Build an im­age auto-up­loader for the Rasp­berry Pi

Gain ac­cess to your images any­where by com­bin­ing the Pi Cam­era, Drop­box and Python code

Linux User & Developer - - Contents -

Your phone can au­to­mat­i­cally up­load pic­tures to the cloud, so why not the Pi Cam­era? Learn how to build and code a Drop­box-en­abled so­lu­tion in Python

The Pi Cam­era Mod­ule v2 is a small 8Mp cam­era board that at­taches to your Rasp­berry Pi. Com­bine this with the new Pi Zero W board – which has on­board Wi-Fi – a but­ton and the of­fi­cial Rasp­berry Pi case, and you can build a sim­ple ‘point-and-shoot’ cam­era.

The is­sue is, how do ac­cess your images? You could plug a mon­i­tor into the Pi, use a mouse and key­board and find the folder with your images in. Or you could SSH in and trans­fer the images. But a bet­ter so­lu­tion would be to au­to­mat­i­cally up­load each im­age to your on­line Drop­box ac­count, so that you can ac­cess your images any­where and share them with your friends and fam­ily.

In this tu­to­rial we will set up and con­fig­ure a Pi Cam­era. Then we’ll write a sim­ple pro­gram to test that the Cam­era is func­tion­ing cor­rectly. Next, we’ll walk you through cre­at­ing a Drop­box App and set­ting up the au­then­ti­ca­tion to­ken which en­ables you to ac­cess your ac­count us­ing Python code.

In the fi­nal sec­tion, we’ll com­bine the PiCam­era and Drop­box pro­grams with GPIO Zero to fa­cil­i­tate im­age cap­ture and up­load via the touch of a but­ton.

01 Set­ting up the Cam­era Mod­ule

De­pend­ing on where you pur­chased your Cam­era Mod­ule from, this first part may have al­ready be done. Be­gin by con­nect­ing the rib­bon ca­ble to the Cam­era. Pull the small plas­tic clasp down­wards and slide the rib­bon in, en­sur­ing that the blue strip is fac­ing you. Push the clasp up, se­cur­ing the rib­bon into place.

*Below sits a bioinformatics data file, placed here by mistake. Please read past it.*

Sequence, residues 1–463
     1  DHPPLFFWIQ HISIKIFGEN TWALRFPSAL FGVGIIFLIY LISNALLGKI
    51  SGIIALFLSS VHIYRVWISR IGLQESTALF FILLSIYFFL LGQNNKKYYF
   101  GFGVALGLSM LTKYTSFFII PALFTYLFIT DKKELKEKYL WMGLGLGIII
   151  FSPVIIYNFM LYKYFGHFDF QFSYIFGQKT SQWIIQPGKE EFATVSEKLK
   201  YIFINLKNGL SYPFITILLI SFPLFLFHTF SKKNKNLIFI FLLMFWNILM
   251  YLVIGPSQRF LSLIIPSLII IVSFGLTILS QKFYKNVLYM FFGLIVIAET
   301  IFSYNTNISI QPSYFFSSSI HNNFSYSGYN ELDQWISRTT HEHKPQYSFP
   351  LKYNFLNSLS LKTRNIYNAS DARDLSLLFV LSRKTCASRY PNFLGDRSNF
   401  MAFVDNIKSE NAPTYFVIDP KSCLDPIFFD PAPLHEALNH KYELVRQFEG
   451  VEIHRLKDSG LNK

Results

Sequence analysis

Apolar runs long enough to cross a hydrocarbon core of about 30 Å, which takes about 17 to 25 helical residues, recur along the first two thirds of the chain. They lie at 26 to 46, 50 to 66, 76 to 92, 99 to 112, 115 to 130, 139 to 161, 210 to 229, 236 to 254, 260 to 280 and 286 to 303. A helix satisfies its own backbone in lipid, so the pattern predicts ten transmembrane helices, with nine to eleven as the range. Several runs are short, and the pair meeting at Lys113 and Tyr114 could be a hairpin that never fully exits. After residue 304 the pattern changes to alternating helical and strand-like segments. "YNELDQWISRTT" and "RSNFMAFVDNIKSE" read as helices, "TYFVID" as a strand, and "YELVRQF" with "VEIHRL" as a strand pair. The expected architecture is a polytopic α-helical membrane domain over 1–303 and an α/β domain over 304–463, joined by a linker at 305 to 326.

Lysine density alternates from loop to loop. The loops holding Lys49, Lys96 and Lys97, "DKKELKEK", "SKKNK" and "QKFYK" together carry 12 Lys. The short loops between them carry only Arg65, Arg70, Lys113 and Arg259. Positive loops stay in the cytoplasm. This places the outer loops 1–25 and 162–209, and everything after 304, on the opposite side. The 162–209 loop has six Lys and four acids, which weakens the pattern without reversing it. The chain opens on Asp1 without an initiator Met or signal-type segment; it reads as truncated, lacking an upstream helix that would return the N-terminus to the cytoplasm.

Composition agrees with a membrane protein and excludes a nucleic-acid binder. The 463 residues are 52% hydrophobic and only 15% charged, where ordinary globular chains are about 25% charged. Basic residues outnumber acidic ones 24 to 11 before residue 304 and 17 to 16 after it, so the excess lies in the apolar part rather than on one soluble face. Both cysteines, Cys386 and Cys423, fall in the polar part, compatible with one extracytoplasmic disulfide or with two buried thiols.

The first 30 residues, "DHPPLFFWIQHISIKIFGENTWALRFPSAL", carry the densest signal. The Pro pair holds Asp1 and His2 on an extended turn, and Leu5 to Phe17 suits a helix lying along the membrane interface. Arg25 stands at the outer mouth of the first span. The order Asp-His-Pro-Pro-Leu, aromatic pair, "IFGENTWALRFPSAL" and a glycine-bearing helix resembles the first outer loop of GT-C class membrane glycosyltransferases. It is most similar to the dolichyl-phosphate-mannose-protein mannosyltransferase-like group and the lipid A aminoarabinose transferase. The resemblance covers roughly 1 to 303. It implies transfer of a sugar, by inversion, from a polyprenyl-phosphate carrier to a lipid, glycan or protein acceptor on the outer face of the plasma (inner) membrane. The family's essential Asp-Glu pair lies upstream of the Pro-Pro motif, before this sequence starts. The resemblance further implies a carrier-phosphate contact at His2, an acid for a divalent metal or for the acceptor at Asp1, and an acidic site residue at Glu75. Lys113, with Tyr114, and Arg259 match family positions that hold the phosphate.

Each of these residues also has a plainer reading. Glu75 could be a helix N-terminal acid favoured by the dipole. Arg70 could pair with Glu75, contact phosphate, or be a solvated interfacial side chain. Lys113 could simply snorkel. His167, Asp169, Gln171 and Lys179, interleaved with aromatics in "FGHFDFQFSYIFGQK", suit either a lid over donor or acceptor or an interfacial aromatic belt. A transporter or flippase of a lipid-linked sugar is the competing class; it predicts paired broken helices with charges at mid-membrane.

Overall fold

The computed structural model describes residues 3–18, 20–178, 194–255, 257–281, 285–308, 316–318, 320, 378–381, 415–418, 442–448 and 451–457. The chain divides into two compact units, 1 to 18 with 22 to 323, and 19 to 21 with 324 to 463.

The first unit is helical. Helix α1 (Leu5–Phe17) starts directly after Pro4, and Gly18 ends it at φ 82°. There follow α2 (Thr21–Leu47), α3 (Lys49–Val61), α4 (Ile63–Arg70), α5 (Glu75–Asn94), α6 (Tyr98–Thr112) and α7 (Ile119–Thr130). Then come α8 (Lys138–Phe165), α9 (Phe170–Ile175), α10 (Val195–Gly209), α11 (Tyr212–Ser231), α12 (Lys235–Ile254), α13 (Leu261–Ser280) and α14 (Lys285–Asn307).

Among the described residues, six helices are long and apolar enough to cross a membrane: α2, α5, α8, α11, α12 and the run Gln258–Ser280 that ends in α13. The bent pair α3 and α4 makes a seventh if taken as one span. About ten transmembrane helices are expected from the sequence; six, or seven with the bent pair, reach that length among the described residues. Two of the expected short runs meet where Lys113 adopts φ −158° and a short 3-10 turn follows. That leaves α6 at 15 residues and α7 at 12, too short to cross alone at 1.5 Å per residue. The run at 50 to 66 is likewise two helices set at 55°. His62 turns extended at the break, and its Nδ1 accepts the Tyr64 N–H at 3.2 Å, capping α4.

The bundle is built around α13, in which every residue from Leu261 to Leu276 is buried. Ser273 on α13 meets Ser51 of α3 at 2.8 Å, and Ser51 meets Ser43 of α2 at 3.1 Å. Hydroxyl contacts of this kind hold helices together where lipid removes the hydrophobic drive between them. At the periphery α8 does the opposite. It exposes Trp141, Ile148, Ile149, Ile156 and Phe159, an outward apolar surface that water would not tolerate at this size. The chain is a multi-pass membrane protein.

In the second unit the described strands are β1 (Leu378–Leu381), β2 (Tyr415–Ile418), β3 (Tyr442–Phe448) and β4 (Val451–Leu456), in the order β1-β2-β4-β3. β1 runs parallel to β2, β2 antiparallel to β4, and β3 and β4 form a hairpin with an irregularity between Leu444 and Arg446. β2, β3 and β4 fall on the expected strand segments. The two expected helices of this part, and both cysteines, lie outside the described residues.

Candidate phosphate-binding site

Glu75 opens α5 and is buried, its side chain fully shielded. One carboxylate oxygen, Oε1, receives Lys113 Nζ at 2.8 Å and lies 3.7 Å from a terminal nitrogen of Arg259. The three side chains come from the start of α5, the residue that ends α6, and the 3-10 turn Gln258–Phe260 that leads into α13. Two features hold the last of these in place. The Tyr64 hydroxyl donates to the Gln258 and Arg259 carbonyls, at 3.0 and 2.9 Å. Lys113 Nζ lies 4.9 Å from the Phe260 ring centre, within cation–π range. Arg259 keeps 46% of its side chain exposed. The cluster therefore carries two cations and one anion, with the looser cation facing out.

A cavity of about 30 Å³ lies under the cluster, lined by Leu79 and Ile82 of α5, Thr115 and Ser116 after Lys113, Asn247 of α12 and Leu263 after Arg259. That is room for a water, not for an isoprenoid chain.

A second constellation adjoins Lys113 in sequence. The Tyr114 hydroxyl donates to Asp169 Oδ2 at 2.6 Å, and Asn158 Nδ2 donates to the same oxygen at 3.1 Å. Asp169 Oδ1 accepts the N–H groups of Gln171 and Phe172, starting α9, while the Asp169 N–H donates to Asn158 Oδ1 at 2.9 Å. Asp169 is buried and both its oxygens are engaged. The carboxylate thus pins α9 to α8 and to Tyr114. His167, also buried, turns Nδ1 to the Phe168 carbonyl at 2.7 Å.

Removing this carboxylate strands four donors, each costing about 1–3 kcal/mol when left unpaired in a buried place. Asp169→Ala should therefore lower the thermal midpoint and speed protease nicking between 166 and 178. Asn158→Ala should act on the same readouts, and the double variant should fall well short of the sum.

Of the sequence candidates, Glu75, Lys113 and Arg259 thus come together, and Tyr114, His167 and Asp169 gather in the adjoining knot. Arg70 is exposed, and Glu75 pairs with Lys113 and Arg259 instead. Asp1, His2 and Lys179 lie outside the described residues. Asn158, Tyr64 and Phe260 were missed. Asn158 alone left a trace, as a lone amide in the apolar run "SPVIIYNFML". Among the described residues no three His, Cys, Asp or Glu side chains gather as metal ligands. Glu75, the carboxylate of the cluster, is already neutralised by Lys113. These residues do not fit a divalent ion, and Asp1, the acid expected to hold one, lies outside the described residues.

Next, lo­cate the Pi Cam­era socket. You will no­tice that it also has a clasp sim­i­lar in style to the clasp on the Pi Cam­era. Pull this up to open it.

Take the rib­bon and place it into the socket, with the blue strip fac­ing to­wards the au­dio jack and away from the HDMI socket. Gen­tly push the clasp back down to se­cure the rib­bon into place. Make sure ev­ery­thing is firmly con­nected.

02 En­abling the Cam­era Mod­ule

The of­fi­cial Rasp­berry Pi OS comes pre­in­stalled with the Cam­era Mod­ule soft­ware, with a Python pack­age for in­ter­fac­ing with the cam­era. How­ever, in the fu­ture you may need to re­in­stall or up­date the pack­age when newer ver­sions are re­leased. Add the power sup­ply to the Pi and then open the LXTer­mi­nal. Type sudo apt-get up­date then sudo apt-get in­stall python­picam­era python3-picam­era. You can up­grade next time us­ing sudo apt-get up­date and then sudo apt-get up­grade. By de­fault, the Pi Cam­era is turned off, which of course means you can’t use it. In the LXTer­mi­nal win­dow type sudo raspi-con­fig to open the con­fig­u­ra­tion tool. Se­lect choice 5, ‘In­ter­fac­ing Op­tions’, and en­able the cam­era. Use the ar­row keys to se­lect exit and restart your Rasp­berry Pi.

03 Test­ing the Cam­era

Next, use the sim­ple test pro­gram that dis­plays the cam­era’s view on your mon­i­tor for 10 sec­onds. If you can see the pre­view, it con­firms that the hard­ware and soft­ware are work­ing cor­rectly. If not, check that the ca­ble is at­tached cor­rectly to the cam­era and Rasp­berry Pi. Also check that the cam­era is en­abled in the con­fig­u­ra­tion set­tings. Open your Python 3 ed­i­tor and en­ter the pro­gram be­low. Then press F5 to save and ex­e­cute the pro­gram.

from picam­era im­port PiCam­era from time im­port sleep cam­era = PiCam­era()

cam­era.start_pre­view() sleep(10) cam­era.stop_pre­view()

04 Sign up to Drop­box

If you al­ready have a Drop­box ac­count, you can skip this step. Oth­er­wise open the web browser on the Pi and go to www.drop­box.com. Se­lect the ‘Cre­ate an ac­count’ op­tion and then fol­low the steps to set up your Drop­box ac­count. If you pre­fer, you can sign up us­ing your Google ac­count de­tails.

05 Cre­at­ing an app, part 1